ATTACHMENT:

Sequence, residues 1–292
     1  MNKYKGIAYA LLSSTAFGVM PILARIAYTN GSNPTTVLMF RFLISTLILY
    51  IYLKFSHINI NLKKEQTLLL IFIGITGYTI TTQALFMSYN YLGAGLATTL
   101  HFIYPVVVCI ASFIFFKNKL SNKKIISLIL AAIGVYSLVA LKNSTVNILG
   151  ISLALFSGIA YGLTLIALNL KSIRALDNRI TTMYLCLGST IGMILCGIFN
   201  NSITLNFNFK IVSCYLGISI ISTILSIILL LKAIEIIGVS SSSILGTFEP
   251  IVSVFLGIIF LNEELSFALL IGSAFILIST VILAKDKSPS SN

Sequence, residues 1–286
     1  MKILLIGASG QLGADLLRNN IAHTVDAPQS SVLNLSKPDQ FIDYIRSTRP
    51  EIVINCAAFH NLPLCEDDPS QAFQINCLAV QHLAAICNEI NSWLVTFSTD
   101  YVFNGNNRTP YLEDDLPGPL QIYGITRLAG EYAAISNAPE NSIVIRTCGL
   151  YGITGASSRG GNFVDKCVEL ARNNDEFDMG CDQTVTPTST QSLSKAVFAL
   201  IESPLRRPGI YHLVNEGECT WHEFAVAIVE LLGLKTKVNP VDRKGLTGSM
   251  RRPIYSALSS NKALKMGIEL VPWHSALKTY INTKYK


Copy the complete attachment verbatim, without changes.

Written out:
Sequence, residues 1–292
     1  MNKYKGIAYA LLSSTAFGVM PILARIAYTN GSNPTTVLMF RFLISTLILY
    51  IYLKFSHINI NLKKEQTLLL IFIGITGYTI TTQALFMSYN YLGAGLATTL
   101  HFIYPVVVCI ASFIFFKNKL SNKKIISLIL AAIGVYSLVA LKNSTVNILG
   151  ISLALFSGIA YGLTLIALNL KSIRALDNRI TTMYLCLGST IGMILCGIFN
   201  NSITLNFNFK IVSCYLGISI ISTILSIILL LKAIEIIGVS SSSILGTFEP
   251  IVSVFLGIIF LNEELSFALL IGSAFILIST VILAKDKSPS SN

Sequence, residues 1–286
     1  MKILLIGASG QLGADLLRNN IAHTVDAPQS SVLNLSKPDQ FIDYIRSTRP
    51  EIVINCAAFH NLPLCEDDPS QAFQINCLAV QHLAAICNEI NSWLVTFSTD
   101  YVFNGNNRTP YLEDDLPGPL QIYGITRLAG EYAAISNAPE NSIVIRTCGL
   151  YGITGASSRG GNFVDKCVEL ARNNDEFDMG CDQTVTPTST QSLSKAVFAL
   201  IESPLRRPGI YHLVNEGECT WHEFAVAIVE LLGLKTKVNP VDRKGLTGSM
   251  RRPIYSALSS NKALKMGIEL VPWHSALKTY INTKYK